Catholicism in Revolutionary America from the Romanist's point of view are
advised to consult The Life and Times of John Carroll, published by The
Encyclopedia Press, 119 East 57th street, New York City, 1922. John Carroll
was Archbishop of Baltimore. Chapters v, vi and vii deal with some points
covered by Bro. Bryant, and are entitled thus: "The Catholic Church in the
United States on the Eve of the Revolution," "Catholics in the American
Revolution," "Carroll's Mission to Canada." Bishop Carroll was largely
responsible for publishing a ban against Freemasonry in America. On page 780
of his biography occurs this peculiar statement: "To those who are aware that,
two years previous to this ban on the Freemasons, the Ursuline Nuns of Nantes
wrought a beautiful Masonic apron of satin, with gold and silver mountings,
for George Washington, this regulation will appear curious." On page 781 is a
long letter written by Carroll concerning Freemasonry and the Roman Catholic
Mason is obliged by his tenure to obey the moral law; and if he rightly
understands the art, he will never be a stupid atheist nor an irreligious
libertine. But though in ancient times Masons were charged in every country
to be of the religion of that country or nation, whatever it was, yet it is
now thought more expedient only to obligate them to that religion in which all
men agree, leaving their particular opinions to themselves; that is, to be
good men and true, or men of honour and honesty, by whatever denominations or
persuasions they may be distinguished; whereby Masonry becomes the center of
union, and the means of conciliating true friendship among persons that must
else have remained at a perpetual distance."
"Concerning God and Religion" in the first (Anderson's) Book of Constitutions.
year 1717, and during the reign of the first George of England, occurred the
great event of modern Masonic history - the Revival of the Fraternity. This
was far from being the least of the causes that contributed, during the
subsequent half century, to the propagation of the ideals of human liberty and
religious toleration, and to the undermining of despotism, both in the
political and ecclesiastical sense.
charge "Concerning God and Religion," which was first published in Anderson's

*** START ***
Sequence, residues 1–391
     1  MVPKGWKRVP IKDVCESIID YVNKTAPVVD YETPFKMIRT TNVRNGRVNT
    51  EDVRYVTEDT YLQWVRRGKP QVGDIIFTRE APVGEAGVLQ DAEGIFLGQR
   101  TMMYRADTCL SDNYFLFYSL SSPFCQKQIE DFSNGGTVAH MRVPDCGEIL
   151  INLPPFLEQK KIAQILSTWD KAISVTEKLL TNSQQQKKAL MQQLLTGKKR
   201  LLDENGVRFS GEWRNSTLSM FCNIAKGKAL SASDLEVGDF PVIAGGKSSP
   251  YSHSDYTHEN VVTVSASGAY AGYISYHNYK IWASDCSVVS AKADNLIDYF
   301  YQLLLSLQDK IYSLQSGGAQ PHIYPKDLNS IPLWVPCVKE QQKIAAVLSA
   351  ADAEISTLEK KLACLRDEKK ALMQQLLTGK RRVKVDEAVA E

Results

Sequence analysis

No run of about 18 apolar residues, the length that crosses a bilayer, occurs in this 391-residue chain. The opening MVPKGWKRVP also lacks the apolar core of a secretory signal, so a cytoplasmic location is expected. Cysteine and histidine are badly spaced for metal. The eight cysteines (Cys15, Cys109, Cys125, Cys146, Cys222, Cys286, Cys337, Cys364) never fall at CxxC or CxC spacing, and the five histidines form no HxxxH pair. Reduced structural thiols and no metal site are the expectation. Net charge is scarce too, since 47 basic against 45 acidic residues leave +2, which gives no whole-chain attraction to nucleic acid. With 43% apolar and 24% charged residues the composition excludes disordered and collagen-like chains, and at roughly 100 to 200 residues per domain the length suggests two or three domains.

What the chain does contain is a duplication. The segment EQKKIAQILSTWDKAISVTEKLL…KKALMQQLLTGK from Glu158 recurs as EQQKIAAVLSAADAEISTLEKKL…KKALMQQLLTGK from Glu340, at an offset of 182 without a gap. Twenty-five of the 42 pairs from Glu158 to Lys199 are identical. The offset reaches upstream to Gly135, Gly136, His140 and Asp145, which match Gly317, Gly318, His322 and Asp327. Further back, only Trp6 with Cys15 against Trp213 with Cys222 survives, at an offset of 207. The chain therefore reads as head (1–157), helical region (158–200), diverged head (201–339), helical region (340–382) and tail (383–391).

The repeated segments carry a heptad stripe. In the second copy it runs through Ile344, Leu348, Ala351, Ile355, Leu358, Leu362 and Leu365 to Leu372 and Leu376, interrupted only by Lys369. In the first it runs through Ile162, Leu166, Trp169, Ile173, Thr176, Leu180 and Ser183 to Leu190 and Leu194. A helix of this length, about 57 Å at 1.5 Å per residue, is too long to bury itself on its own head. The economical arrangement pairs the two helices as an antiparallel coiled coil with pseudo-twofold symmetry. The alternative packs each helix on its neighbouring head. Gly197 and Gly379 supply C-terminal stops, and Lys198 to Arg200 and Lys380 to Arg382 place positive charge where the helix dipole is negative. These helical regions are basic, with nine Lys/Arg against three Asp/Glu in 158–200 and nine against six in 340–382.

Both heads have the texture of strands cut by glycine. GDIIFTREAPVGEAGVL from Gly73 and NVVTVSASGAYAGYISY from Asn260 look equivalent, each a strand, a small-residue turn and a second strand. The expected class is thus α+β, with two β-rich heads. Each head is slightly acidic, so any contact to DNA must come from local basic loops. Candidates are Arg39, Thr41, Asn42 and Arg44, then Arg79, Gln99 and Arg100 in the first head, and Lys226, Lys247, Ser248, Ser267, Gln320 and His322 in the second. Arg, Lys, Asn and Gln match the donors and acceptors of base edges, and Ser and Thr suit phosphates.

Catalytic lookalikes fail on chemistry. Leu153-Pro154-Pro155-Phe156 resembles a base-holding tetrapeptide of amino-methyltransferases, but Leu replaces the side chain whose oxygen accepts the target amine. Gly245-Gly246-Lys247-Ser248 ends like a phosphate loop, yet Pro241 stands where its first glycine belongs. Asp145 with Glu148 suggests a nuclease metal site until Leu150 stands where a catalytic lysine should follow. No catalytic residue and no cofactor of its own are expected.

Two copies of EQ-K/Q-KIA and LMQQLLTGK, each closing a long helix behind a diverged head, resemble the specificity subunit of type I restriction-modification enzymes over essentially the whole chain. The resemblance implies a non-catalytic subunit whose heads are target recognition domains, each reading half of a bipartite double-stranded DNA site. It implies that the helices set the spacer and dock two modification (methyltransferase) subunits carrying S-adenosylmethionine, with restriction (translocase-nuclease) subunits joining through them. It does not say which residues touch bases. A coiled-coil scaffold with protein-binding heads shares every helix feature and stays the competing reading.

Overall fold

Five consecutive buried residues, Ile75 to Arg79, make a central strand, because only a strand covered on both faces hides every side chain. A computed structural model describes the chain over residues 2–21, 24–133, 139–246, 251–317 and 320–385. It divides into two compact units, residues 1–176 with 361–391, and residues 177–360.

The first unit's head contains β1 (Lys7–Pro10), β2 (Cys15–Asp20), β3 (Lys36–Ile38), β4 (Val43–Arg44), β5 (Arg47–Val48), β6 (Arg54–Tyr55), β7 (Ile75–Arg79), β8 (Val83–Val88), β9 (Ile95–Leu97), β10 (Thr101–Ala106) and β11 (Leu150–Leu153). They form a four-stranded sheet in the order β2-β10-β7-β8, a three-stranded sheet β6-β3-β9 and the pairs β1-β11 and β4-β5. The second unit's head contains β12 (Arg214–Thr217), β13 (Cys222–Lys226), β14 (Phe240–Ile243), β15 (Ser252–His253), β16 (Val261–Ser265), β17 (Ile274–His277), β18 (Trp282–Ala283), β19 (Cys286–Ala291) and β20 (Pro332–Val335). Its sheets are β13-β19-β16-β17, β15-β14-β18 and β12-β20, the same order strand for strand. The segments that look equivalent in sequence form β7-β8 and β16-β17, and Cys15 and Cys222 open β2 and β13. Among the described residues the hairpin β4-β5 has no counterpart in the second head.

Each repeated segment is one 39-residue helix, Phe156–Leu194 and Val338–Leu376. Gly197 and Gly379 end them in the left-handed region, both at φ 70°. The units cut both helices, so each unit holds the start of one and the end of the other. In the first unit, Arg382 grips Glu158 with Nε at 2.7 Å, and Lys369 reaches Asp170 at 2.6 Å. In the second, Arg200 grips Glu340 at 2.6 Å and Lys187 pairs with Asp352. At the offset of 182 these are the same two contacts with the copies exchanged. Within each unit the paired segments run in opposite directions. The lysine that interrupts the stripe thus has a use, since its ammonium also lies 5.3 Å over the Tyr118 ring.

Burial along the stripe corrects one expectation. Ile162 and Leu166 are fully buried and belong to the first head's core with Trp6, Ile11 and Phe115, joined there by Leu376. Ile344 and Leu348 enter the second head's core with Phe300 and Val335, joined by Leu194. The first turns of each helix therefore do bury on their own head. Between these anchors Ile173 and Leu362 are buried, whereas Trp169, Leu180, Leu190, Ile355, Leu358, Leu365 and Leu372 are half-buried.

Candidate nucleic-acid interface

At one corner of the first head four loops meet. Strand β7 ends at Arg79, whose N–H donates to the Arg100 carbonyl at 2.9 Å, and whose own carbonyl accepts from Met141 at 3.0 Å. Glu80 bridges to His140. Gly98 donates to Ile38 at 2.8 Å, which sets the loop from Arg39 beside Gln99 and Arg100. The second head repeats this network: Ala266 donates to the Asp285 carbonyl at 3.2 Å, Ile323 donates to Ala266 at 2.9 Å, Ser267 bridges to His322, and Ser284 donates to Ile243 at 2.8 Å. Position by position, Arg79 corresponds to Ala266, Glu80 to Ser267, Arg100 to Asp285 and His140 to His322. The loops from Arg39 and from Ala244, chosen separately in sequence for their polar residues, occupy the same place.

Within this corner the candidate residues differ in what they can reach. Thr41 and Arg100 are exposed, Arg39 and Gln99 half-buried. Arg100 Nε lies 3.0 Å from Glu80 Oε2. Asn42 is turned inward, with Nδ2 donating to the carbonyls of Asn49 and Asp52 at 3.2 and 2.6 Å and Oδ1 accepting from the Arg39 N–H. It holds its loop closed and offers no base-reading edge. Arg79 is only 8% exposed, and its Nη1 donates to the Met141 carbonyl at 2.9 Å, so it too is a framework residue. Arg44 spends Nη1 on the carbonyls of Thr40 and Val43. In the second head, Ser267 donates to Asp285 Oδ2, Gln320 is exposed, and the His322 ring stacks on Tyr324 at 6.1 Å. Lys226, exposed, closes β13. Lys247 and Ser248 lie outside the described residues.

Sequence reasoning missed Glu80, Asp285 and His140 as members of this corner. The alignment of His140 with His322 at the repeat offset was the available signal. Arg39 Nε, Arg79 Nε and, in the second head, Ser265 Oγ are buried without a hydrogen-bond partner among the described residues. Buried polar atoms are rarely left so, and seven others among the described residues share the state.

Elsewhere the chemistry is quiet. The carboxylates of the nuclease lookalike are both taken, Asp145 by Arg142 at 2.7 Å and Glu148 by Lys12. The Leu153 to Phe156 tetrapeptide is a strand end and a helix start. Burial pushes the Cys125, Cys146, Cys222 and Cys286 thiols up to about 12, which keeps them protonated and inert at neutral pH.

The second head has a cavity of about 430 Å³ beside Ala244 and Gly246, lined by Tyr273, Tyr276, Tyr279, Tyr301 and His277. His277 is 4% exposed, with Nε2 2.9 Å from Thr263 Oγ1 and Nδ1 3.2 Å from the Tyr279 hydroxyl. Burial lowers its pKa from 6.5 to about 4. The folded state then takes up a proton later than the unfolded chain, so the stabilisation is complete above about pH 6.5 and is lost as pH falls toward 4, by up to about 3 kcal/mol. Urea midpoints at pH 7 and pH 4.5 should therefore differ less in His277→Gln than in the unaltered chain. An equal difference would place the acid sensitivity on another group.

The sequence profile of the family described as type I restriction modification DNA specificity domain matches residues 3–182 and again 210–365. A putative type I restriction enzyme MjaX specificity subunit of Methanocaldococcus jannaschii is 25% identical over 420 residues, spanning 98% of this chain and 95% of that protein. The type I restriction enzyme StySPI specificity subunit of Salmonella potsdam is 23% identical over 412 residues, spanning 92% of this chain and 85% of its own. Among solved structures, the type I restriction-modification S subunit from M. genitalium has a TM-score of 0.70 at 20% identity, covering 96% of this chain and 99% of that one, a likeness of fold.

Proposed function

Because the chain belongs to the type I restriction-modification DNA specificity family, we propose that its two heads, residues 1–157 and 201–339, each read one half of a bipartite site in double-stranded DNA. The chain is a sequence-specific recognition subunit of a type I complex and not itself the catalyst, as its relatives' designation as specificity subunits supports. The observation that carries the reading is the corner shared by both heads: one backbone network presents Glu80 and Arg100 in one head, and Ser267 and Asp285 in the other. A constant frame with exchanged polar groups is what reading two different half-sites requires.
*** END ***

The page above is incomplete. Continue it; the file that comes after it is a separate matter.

Constitutions of 1723, is one of the landmarks of human as well as Masonic
progress; it is doubtful if the language contains a half dozen passages of
equal length that have exerted more influence upon human thought.
Sectarianism and bigotry cannot live in the midst of a group of men united in
the bonds of "that religion in which all men agree," for such is the very
foundation of universal brotherhood. A group of men in any community united
on that basis must inevitably carry the ideal with them when they leave the
tiled precincts of the lodge, and must exert a powerful influence upon the
thought and action of all with whom they come in contact. Such a group must
be an influential factor, through their own efforts and through the force of
example, in the building of a fairer, nobler and more fraternal social and
only forces which have desired or dared to attempt the extinguishing of the
light of Masonry have always been, and still are, those that work in behalf of
political and religious despotism. Of these, the contest waged by the latter
has been the more bitter even as its effects have been more baneful in
cramping and distorting the minds of men. It is with the latter, far more
than with the former, that our contest here in America has been waged from the
beginning. Only too frequently history exaggerates the lesser struggles,
waged on the battlefield and within legislative halls, and ignores or
belittles the far more bitter and relentless, though less spectacular,
struggle for the control of the minds and consciences of men.
more than significant that the Masonic Fraternity stepped out of the shadows
into the full glare of historical light just at the time when those forces of